Please just answer this honestly; if you had compared a Opteron 6272 w/ a E5645 ... would your article present a different story?

    Fair as you may have tried to be; you don't have to look far to find a comment here that came to the "BD is a joke" conclusion.

    ---

    Using a phpbb stress test is hardly useful or relevent as a server benchmark; nevermind under a VM. Unless configured extensively; it's I/O bound. "Average Response Time" is also irrelevant; how is the reader to know if your 'response time' does not favor processors better with single-threaded applications?

    Additionally; VM's on a better single-threaded processor will score higher in benchmarks due to the overhead as parallelism isn't optimized. Yet these results make zero sense in real-world usage. It contradicts the value of VM's; flexible scalability for low-usage applications.

    Finally; I'd estimate that less than 5% of servers are virtual (if that). VM's are most popular with web servers and even there they have a small market share as they only appeal to small clients. Large clients use clusters of dedicated; tiny clients use shared dedicated.

    Did you even use gcc 4.7 or Open64? In some applications; the new versions yield up to 300% higher performance for Bulldozer.
    Reply
  • JohanAnandtech - Thursday, November 17, 2011 - link

    "if you had compared a Opteron 6272 w/ a E5645 ... would your article present a different story?"

    You want us to compare a $551 80W TDP Intel cpu with a $774 115 AMD CPU?

    "Unless configured extensively; it's I/O bound."
    We know how to monitor with ESX top. There is a reason why we have a disk system of 2 SDDs and 6 x 15k SAS disks.

    "Average Response Time" is also irrelevant
    Huh? That is like saying that 0-60 mph acceleration times are irrelevant to sports cars.

    "Finally; I'd estimate that less than 5% of servers are virtual (if that)"
    ....Your estimate unfortunately was true in 2006. We are 2011 now. Your estimate is 10x off, maybe more.
    Reply
  • UberApfel - Thursday, November 17, 2011 - link

    "You want us to compare a $551 80W TDP Intel cpu with a $774 115 AMD CPU?"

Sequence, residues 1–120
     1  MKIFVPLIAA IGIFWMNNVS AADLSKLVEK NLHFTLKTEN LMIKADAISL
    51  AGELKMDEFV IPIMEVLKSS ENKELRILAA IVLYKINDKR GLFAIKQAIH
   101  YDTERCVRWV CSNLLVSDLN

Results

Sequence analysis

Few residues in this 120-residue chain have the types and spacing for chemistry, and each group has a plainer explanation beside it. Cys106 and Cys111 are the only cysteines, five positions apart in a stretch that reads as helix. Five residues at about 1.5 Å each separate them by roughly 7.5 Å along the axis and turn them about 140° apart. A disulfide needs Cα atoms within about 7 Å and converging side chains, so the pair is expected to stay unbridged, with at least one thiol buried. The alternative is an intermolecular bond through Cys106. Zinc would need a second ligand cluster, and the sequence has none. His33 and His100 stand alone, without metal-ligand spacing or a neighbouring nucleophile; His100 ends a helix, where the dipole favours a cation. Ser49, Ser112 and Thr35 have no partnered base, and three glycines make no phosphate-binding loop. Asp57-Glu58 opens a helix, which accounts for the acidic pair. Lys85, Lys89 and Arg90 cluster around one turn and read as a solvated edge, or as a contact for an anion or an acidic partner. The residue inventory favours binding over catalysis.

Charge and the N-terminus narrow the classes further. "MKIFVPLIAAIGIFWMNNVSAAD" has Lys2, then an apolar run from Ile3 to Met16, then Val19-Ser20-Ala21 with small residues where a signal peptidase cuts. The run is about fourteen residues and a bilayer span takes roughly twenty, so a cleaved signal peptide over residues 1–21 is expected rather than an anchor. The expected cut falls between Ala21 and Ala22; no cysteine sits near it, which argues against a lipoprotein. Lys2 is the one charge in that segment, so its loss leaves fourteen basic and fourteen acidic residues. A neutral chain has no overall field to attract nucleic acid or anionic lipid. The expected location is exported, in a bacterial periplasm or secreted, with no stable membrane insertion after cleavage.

$539

    "The 6272 is nothing more than a lower speedbin of the 6276. It has the same power consumption but slightly lower performance. Performance/wat is thus worse."
    By your logic; the FX-8120 and FX-8150 have equal power consumption. They don't.

    "We know how to monitor with ESX top. There is a reason why we have a disk system of 2 SDDs and 6 x 15k SAS disks."
    It's still I/O bound unless configured extensively.

    "Huh? That is like saying that 0-60 mph acceleration times are irrelevant to sports cars."
    Yeah; it is if you're measuring the distance traveled by a number of cars. The opteron is obviously slower in handling single requests but it can handle maybe twice as many at the same time. Unless your stress test made every request @ T=0 and your server successfully qued them all, dropped none, and included the que time in the response time... it would favor the xeon immensely. Perhaps it does do all this; which is why I said "how is the reader to know" when you could have just as easily done 'Average Requests Completed Per Second'.

    "....Your estimate unfortunately was true in 2006. We are 2011 now. Your estimate is 10x off, maybe more."
    Very funny. Did the salesman that told you that also recommend these benchmarks? Folklore tells that Google alone has over a million servers, 20X that of Rackspace or ThePlanet, and they aren't running queries on VM's.
    Reply
  • boomshine - Thursday, November 17, 2011 - link

    I hope you included MS SQL 2008 performance just like in opteron 6174 review:

    http://www.anandtech.com/show/2978/amd-s-12-core-m...
    Reply
  • JohanAnandtech - Thursday, November 17, 2011 - link

    Yes, that test failed to be repeatable for some weird reason. We will publish it as soon as we get some reliable numbers out of it. Reply
  • JohanAnandtech - Thursday, November 17, 2011 - link

    "SMT can only execute a single thread at once. "

    The whole point of SMT is to have one thread in one execution and another thread in the other execution slot.

    In fact, the very definition of SMT is that two or more threads can execute in parallel on a superscalar execution engine.
    Reply
  • TC2 - Thursday, November 17, 2011 - link

    another joke from AMD with their BD "server-centric" architecture - bla-bla! amd 8\16 against intel 6\12 and again can't win! Reply
  • pcfxer - Thursday, November 17, 2011 - link

    " make of lots of DLLs--or in Linux terms, they have more dependencies"

    Libraries is the word you're looking for.

    I also see the mistake of mixing programming APIs/OS design/Hardware design...

    Good software has TLBs, asynchronous locking where possible, etc, as does hardware but they are INDEPENDENT. The glue as you know, is how compiled code is treated at the uCode level. IMO, AMD hardware is fully capable of outperforming Intel hardware, but AMD uCode is incredibly good.
    Reply